A Brief History of Seven Killings

A Brief History of Seven Killings


Marlon James

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A Brief History of Seven Killings: Part 4, Chapter 2 Summary & Analysis

Weeper wakes up in Brooklyn next to a blond man. Three weeks ago they were walking together when a black man on the street remarked: “Scope this ill faggot-ass bullshit.” Weeper beat the man and he and the white boy ran away laughing together. When they first had sex, the white boy asked if Weeper was worried about “the gay cancer,” and Weeper said he wasn’t. Yesterday Weeper went to the Strand looking for books by Bertrand Russell. He told the man “I love you,” but then added “I don’t mean that.” Weeper has mixed feelings about his own sexual desire, and still finds himself holding back from what he really wants. Yet he can’t even remember what it feels like to have sex with a woman. 
Weeper is still struggling with his sexuality, but is conducting his life with a greater degree of freedom than he ever did back in Jamaica. He does this despite the threat of AIDS, which he takes less seriously than the judgment of other people. Indeed, Weeper has lived through more trauma than most people can imagine, and committed extreme acts of violence––yet he is still frightened by his own desire.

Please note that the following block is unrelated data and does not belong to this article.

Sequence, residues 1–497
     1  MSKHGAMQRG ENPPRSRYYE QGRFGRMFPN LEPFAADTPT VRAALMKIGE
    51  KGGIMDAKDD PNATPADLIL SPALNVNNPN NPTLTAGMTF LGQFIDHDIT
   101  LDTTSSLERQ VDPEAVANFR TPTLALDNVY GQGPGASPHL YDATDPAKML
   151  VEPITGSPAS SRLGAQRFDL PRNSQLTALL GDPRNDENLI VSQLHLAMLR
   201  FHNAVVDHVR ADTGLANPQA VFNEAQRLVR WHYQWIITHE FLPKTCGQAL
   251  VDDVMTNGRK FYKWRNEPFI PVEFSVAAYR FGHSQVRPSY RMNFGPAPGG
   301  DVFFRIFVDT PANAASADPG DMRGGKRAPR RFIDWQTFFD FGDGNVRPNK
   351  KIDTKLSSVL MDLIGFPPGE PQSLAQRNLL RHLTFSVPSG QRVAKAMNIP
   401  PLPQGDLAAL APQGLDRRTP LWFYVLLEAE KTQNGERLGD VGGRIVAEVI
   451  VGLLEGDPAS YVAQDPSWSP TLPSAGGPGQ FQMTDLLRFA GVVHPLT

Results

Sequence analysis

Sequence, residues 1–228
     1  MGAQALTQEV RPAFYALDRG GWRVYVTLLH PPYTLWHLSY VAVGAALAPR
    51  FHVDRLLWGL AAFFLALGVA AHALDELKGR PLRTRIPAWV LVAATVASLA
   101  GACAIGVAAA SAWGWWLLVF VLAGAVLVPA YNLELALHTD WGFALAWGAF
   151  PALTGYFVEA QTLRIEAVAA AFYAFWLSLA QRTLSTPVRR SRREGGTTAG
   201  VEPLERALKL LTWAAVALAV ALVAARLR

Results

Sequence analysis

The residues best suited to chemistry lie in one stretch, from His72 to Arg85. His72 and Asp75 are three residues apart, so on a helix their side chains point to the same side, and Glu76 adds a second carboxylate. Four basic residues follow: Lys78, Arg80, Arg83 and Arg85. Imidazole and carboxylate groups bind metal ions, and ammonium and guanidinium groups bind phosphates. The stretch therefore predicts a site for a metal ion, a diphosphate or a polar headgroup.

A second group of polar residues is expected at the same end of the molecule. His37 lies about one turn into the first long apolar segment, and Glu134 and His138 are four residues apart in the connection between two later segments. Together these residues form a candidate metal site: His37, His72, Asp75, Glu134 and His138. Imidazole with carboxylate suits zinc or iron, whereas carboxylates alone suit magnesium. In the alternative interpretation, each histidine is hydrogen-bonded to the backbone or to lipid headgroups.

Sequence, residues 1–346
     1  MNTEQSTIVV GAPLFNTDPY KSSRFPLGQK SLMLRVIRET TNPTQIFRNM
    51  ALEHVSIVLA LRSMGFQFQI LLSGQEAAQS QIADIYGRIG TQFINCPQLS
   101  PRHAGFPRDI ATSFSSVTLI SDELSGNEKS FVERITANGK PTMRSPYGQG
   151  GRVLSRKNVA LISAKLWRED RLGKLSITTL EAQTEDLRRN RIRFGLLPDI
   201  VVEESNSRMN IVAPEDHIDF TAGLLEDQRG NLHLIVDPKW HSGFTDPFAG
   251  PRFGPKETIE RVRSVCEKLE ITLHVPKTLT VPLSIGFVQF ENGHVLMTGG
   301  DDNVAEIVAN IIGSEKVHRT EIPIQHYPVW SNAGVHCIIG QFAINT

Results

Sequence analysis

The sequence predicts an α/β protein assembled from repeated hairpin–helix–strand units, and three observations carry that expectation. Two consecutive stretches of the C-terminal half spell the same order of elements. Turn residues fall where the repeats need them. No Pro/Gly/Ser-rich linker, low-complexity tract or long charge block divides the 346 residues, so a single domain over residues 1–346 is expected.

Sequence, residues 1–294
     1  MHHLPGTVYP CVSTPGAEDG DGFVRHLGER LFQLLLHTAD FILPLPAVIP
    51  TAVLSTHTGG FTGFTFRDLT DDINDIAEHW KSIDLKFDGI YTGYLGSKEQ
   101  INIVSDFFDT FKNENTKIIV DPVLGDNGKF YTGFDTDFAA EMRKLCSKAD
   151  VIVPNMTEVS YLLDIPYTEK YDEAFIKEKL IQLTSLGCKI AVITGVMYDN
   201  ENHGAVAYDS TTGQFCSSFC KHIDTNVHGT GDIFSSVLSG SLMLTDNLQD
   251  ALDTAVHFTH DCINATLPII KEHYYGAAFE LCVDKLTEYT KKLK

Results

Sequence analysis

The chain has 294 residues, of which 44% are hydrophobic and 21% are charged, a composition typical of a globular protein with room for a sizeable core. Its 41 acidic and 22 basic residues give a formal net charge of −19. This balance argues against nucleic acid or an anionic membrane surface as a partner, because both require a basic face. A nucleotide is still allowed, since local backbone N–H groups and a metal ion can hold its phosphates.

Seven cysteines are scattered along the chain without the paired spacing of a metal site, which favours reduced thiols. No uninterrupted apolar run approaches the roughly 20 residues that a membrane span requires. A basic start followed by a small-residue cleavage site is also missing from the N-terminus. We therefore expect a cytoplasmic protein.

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Weeper has to go to the airport; in nine hours Josey is landing on a plane from Jamaica. Josey is coming to see a particular crack house in Brooklyn so he can scope out the people selling in it and report back to Medellín. A member of Storm Posse recently caught Weeper up on the latest events in Jamaica. Josey and his men shot up a street in Rema, killing 12 people. There was little action from the police, as “nobody can touch the don.” An old friend of Josey’s based in the Bronx has been selling drugs in New York since 1977, and is now running an enormous operation.
Once again a significant amount of time has passed, but life in Jamaica remains much the same. On the other hand, the lives of Josey and Weeper have changed significantly, due to the fact that they are now international drug dealers. Josey is now even more untouchable than he was before––at least within Jamaica. There is an atmosphere of suspense surrounding his imminent arrival to the US.
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